The Debate

Can John Kerry Salvage US-Pakistan Relations?

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The Debate

Can John Kerry Salvage US-Pakistan Relations?

The US secretary of state has finally arrived in Islamabad. Will Kerry’s personal history with Pakistan be a silver bullet?

U.S. Secretary of State John Kerry has finally arrived in Pakistan, the State Department announced today.

Kerry has long planned to visit Pakistan but had his trip delayed on a number of occasions. Word of an upcoming trip to Pakistan was first reported in the middle of June but Kerry later had to cancel, ostensibly to focus on Syria.

Many suspected, however, that the trip had been cancelled because the Pakistani side had leaked the dates and there were concerns about his security. Others speculated that the Obama administration had cancelled the trip to voice its displeasure over Pakistan’s new Prime Minister Nawaz Sharif’s vocal opposition to U.S. drone strikes.

At the time a Pakistani official was quoted as saying that the trip would be rescheduled for the first half of July. 

This never materialized. Talk of an upcoming Kerry visit began to pick up last week, which again forced Kerry to postpone his trip that was set to begin on Sunday after his itinerary leaked to Pakistani media outlets.

Nonetheless, there is a general sense of optimism in Islamabad about Secretary Kerry’s visit. The former Massachusetts Senator’s appointment was viewed very favorably in Pakistan because of his long-standing ties to the country. During President Obama’s first term in office Kerry sometimes served as an unofficial envoy to Pakistan’s leaders, many of whom were often at odds with the appointed officials Obama had put in charge of managing relations. He also teamed up with former Senator Richard Lugar (R-IN) on a bill that set out a long-term civilian and economic aid package to Pakistan, areas that had previously taken a backseat to military assistance.

Still, U.S.-Pakistani relations deteriorated substantially during the Obama administration’s first term, as a result of general mistrust as well as a series of specific events like the bin Laden raid and the accidental killing of 24 Pakistani border troops by NATO forces in 2011.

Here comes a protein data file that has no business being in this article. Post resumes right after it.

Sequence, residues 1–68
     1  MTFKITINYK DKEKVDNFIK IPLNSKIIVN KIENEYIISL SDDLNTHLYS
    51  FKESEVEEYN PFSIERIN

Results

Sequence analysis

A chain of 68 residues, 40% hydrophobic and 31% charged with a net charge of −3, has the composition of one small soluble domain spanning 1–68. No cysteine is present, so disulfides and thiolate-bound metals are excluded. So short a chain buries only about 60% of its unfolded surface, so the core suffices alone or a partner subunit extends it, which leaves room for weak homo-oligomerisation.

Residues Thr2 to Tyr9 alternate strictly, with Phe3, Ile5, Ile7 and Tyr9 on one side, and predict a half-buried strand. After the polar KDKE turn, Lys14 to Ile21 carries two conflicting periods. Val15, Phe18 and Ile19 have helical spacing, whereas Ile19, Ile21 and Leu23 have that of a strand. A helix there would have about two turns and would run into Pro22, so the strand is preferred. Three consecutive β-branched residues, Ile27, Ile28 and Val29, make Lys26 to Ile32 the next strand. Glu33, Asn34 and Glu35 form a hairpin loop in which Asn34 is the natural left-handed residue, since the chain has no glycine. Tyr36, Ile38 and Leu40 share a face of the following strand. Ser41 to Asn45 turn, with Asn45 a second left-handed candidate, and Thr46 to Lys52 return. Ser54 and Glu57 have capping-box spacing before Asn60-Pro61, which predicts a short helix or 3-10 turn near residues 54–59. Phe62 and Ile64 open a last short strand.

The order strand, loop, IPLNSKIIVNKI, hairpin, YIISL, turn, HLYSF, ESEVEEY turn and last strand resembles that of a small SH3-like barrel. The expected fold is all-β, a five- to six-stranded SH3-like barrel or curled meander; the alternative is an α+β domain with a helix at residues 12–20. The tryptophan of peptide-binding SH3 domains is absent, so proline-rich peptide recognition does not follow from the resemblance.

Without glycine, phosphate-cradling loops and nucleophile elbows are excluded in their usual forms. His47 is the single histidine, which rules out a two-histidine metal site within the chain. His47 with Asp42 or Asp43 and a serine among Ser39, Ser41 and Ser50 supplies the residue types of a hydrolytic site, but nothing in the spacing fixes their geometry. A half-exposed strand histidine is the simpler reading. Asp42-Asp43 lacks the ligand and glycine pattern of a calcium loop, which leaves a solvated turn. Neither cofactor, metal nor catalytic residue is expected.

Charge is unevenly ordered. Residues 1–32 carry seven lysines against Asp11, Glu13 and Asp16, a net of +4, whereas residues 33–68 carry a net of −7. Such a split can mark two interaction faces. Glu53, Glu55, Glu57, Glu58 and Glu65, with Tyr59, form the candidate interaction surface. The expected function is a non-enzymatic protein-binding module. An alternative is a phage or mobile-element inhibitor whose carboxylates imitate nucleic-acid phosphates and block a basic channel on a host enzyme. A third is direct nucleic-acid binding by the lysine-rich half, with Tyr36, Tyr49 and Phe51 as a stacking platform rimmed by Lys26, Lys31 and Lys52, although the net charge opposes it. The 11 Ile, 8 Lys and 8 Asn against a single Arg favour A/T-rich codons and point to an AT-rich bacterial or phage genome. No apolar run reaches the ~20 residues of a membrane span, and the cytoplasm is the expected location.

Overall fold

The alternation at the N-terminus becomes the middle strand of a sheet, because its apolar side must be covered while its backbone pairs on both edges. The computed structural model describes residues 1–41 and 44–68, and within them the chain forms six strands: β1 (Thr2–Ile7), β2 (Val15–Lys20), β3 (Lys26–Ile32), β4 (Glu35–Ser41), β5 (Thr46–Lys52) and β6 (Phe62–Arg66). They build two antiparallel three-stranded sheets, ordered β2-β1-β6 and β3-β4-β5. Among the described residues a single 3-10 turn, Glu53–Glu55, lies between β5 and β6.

Pakistani officials seem to hope that Kerry’s history with Pakistan can be used to place ties on a more solid footing.

Foreign Office spokesman Aizaz Ahmed Chaudhry, for example, said that Islamabad hopes that the two sides can agree to re-establish a strategic dialogue that was ended following the border incident two years ago.

Meanwhile, Ahsan Iqbal, Pakistan’s Minister for Planning and Development gave a “wide-ranging interview” with Voice of America last week in which he said that the Sharif administration seeks strong ties to the U.S. particularly in the areas of energy and economics, two of the most pressing challenges that the new administration faces.

When Voice of America asked about Sharif beginning his administration by strengthening ties with China, Iqbal replied, “There are some areas in which cooperation of U.S. is not substitutable.” He went on to list America’s comparative advantages as an export market for Pakistani textiles and as a place for Pakistanis to attend colleges as among these areas.

Still, there are lingering sources of tension in the relationship based on history and substantive disagreements. For example, Pakistan continues to insist on a civilian nuclear deal with the U.S. in the mold of the U.S.-Indian nuclear pact, which is likely to be a non-starter for the Americans. The U.S. has also ruled out any talk of a possible prisoner swap agreement, while Islamabad has said it will push Kerry to end drone strikes inside Pakistan, which have continued despite Sharif’s objections, albeit with much lesser frequency.

So how likely is it that Kerry’s personal history with Pakistan will help the two frenemies overcome historical mistrust and substantive dispute?

Not very, says Shamila Chaudhary, an expert on Pakistani-U.S. relations formerly at Eurasia Group and, as of tomorrow, a senior advisor to Vali Nasr at the Johns Hopkins University School for Advanced International Studies (SAIS).

In an email interview with The Diplomat last month Chaudhary said, “The political transition underway in Pakistan does afford the United States an opportunity to reset the difficult relationship. However, the sources of tensions between both sides have been less personality-based and more having to do with policy disagreements.”

Chaundhary—who worked on Afghanistan and Pakistan at the U.S. National Security Council and State Department during Obama’s first term— does not see Kerry’s long-standing ties to Pakistan as a silver bullet for improving relations. “Pakistan will appreciate the fact that Secretary Kerry is intimately familiar with the country and challenges associated with its relationship with the United States.” Ms Chaudhary acknowledged, “However, his involvement as a Senator and also an unofficial envoy was one step removed from where he now is in terms of representing President Obama’s policy on Pakistan. As an unofficial envoy, Kerry was able to finesse tensions caused by other government officials and policies. As Secretary of State, this just becomes more complicated.”

She further noted that the U.S. and Pakistan have been able to stabilize their relations in recent months, and believes the two sides will now focus on mapping out their post-2014 relationship.

“I suspect Kerry views this as the beginning of a broader conversation with Pakistan about where the bilateral relationship will go post-2014 and not just on security issues but on economic and development goals as well – areas that are important to him personally,” Chaundhary said.